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VO2 max

Dr Chelsey Dempsey and Dr Jennifer Brierley describe VO2 max as the maximum capacity to transport and utilize oxygen during incremental exercise. (The derivation is V̇ - volume per time, O2 - oxygen, max - maximum). It is also called maximal oxygen consumption or maximal oxygen uptake. It is also known as aerobic capacity, which reflects the physical fitness of a person.

Expressed either as an absolute rate in litres of oxygen per minute (l/min) or as a relative rate in millilitres of oxygen per kilogram of bodyweight per minute (ml/kg/min), the latter expression is often used to compare the performance of endurance sports athletes. A less size-biased measure is to divide by \sqrt[3]{mass^2} rather than mass.


Measuring VO2 max

Accurately measuring VO2 max involves a physical effort sufficient in duration and intensity to fully tax the aerobic energy system. In general clinical and athletic testing, this usually involves a graded exercise test (either on a treadmill or on a cycle ergometer) in which exercise intensity is progressively increased while measuring ventilation and oxygen and carbon dioxide concentration of the inhaled and exhaled air. VO2 max is reached when oxygen consumption remains at steady state despite an increase in workload.

Fick Equation

VO2 max is properly defined by the Fick Equation:

\mathrm{VO_2\; max} = Q(\mathrm{CaO_2} - \mathrm{CvO_2})

where Q is the cardiac output of the heart, CaO2 is the arterial oxygen content, and CvO2 is the venous oxygen content.

Cooper test

Dr. Kenneth H. Cooper conducted a study for the United States Air Force in the late 1960s. One of the results of this was the Cooper test in which the distance covered running in 12 minutes is measured. An approximate estimate for VO2 max (in ml/min/kg) is:

\mathrm{VO_2\; max} = {d_{12} - 505 \over 45}

where d12 is distance (in metres) covered in 12 minutes. There are several other reliable tests and VO2 max calculators to estimate VO2 max.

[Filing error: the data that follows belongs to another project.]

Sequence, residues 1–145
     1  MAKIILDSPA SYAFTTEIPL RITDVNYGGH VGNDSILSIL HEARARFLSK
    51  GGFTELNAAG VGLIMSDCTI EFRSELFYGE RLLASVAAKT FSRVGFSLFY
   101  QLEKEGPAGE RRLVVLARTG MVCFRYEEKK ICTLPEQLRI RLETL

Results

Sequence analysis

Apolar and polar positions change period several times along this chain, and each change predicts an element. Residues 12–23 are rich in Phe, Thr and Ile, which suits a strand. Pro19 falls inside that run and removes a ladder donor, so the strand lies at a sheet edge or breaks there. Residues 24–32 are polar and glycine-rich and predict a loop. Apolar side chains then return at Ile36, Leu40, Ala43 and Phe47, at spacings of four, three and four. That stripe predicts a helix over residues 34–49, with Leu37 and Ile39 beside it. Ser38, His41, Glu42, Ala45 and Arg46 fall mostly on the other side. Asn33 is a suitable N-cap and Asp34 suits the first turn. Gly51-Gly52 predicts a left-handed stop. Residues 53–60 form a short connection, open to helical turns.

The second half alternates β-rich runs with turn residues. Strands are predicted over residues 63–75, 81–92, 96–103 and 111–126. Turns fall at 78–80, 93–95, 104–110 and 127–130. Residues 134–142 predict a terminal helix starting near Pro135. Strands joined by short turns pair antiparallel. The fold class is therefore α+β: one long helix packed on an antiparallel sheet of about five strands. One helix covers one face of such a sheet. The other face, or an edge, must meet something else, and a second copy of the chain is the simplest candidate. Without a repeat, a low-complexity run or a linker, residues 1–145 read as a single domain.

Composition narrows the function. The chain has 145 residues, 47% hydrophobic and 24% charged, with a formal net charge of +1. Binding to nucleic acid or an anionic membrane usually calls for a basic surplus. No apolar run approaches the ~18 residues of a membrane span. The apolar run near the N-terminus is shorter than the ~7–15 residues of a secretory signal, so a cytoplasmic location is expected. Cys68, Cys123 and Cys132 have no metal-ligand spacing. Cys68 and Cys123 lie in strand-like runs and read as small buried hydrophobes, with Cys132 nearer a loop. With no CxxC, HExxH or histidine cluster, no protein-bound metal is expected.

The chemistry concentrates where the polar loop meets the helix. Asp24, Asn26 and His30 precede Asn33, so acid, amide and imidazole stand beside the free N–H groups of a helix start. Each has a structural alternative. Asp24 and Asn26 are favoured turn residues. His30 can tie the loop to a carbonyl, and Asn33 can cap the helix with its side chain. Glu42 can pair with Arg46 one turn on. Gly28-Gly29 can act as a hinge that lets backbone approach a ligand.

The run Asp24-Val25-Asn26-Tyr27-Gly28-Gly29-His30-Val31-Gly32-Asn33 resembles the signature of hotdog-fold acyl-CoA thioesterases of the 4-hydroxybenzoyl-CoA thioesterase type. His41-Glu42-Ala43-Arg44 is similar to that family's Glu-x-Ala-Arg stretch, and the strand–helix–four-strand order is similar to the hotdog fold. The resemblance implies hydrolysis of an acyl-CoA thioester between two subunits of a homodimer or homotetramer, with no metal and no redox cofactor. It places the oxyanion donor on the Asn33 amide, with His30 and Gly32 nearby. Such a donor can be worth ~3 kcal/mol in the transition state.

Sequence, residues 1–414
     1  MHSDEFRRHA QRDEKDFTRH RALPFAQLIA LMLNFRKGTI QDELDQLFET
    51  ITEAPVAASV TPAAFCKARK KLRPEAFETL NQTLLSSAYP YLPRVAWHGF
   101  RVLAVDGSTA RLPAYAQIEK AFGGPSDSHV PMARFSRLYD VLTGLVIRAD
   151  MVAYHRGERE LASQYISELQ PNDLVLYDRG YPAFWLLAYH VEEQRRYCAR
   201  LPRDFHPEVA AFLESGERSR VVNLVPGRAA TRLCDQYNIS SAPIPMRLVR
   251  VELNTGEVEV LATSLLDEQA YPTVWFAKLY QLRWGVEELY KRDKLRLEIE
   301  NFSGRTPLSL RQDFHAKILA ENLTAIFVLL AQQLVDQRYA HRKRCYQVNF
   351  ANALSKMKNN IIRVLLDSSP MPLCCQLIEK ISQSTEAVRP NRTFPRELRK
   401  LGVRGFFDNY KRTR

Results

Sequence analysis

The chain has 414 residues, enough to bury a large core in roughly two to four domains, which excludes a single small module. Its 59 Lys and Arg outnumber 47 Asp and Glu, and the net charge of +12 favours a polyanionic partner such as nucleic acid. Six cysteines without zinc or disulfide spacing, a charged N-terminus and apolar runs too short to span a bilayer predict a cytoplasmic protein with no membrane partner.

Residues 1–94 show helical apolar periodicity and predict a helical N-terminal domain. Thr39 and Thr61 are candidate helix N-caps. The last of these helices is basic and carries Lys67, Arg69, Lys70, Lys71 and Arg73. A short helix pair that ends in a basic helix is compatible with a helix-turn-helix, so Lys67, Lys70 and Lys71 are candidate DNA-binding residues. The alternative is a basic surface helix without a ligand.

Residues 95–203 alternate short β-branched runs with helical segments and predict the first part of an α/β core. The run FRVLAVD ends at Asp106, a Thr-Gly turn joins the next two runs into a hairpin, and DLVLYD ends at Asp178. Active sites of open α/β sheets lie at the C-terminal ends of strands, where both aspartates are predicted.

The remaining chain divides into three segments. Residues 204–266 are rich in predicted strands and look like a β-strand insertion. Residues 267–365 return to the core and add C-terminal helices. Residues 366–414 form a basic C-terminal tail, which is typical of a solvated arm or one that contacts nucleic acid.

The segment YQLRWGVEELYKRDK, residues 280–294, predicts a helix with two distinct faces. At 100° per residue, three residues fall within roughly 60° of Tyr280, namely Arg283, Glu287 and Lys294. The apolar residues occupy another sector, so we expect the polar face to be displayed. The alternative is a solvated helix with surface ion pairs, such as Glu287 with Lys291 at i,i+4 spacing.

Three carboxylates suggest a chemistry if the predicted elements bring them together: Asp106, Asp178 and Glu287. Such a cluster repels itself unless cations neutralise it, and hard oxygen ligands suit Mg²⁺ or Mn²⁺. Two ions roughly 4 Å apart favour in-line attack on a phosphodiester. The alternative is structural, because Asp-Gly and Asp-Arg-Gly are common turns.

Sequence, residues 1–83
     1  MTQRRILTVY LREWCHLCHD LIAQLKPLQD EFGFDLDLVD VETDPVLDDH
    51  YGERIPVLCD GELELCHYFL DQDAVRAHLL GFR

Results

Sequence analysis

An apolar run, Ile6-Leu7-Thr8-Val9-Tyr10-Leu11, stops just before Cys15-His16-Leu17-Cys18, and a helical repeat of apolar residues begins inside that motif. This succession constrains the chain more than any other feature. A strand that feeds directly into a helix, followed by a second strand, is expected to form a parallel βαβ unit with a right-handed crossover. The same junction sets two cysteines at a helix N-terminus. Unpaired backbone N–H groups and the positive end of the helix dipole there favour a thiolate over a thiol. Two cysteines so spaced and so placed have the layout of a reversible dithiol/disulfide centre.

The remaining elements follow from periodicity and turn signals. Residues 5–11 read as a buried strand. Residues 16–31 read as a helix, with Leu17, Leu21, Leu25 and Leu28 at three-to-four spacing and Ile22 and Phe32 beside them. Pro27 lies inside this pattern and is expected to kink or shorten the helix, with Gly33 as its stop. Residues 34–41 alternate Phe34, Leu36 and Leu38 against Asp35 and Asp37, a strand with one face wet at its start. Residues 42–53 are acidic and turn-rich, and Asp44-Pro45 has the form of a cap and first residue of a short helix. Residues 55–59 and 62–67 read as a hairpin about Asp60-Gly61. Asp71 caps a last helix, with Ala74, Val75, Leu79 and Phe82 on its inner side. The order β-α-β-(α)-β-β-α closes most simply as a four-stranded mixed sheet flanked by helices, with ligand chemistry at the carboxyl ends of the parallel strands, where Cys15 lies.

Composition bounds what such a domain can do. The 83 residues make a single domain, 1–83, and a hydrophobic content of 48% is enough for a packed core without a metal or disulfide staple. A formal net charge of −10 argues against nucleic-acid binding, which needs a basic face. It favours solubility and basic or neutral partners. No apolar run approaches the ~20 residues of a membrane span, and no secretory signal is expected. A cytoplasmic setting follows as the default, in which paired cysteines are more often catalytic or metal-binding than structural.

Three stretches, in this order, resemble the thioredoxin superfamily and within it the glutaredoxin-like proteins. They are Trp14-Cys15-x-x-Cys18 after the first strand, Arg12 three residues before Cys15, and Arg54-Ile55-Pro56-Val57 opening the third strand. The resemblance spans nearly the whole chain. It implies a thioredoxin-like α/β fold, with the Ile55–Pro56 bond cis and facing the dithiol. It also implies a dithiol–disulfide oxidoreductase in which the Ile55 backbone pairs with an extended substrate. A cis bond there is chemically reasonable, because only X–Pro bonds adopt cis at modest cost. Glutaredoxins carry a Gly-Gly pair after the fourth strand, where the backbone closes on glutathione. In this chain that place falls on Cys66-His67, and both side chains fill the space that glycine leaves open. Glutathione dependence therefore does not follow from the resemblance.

VO2 max Levels

VO2 max varies considerably in the population. The average young untrained male will have a VO2 max of approximately 3.5 litres/minute and 45 ml/kg/min.[1] The average young untrained female will score a VO2 max of approximately 2.0 litres/minute and 38 ml/kg/min.[citation needed] These scores can improve with training and decrease with age, though the degree of trainability also varies very widely.[2][3]

In sports where endurance is an important component in performance, such as cycling, rowing, cross-country skiing, swimming and running, world class athletes typically have high VO2 maximums. World class male athletes, cyclists and cross-country skiers typically exceed 80 ml/kg/min and a rare few may exceed 90 ml/kg/min for men and 70 ml/kg/min for women. Three time Tour de France winner Greg LeMond is reported to have had a VO2 max of 92.5 at his peak - one of the highest ever recorded, while cross-country skier Bjørn Dæhlie measured at an astounding 96 ml/kg/min.[4] It should also be noted that Dæhlie's result was achieved out of season and that physiologist Erlend Hem who was responsible for the testing stated that he would not discount the possibility of the skier passing 100 ml/kg/min at his absolute peak. By comparison a competitive club athlete might achieve a VO2 max of around 70 ml/kg/min.[1] World class rowers are physically very large endurance athletes and typically do not score as high on a per weight basis, but often score exceptionally high in absolute terms. Male rowers typically score VO2 maximums over 6 litres/minute, and some exceptional individuals have exceeded 8 l/min.

To put this into perspective, thoroughbred horses have a VO2 max of around 180 ml/min/kg. Siberian dogs running in the Iditarod Trail Sled Dog Race sled race have VO2 values as high as 240 ml/min/kg.[5]

See also


  1. ^ a b Geddes, Linda. "Superhuman", New Scientist, 2007-07-28, pp. 35-41. 
  2. ^ Bouchard, Claude; Ping An, Treva Rice, James S. Skinner, Jack H. Wilmore, Jacques Gagnon, Louis Perusse, Arthus S. Leon, D. C. Rao (September 1999). "Familial aggregation of VO(2max) response to exercise training: results from the HERITAGE Family Study.". Journal of Applied Physiology 87 (3): 1003-1008. PMID 10484570. Retrieved on July 17, 2007.
  3. ^ Kolata, Gina. "Why Some People Won't Be Fit Despite Exercise", The New York Times, February 12, 2002. Retrieved on July 17, 2007. 
  4. ^
  5. ^
This article is licensed under the GNU Free Documentation License. It uses material from the Wikipedia article "VO2_max". A list of authors is available in Wikipedia.
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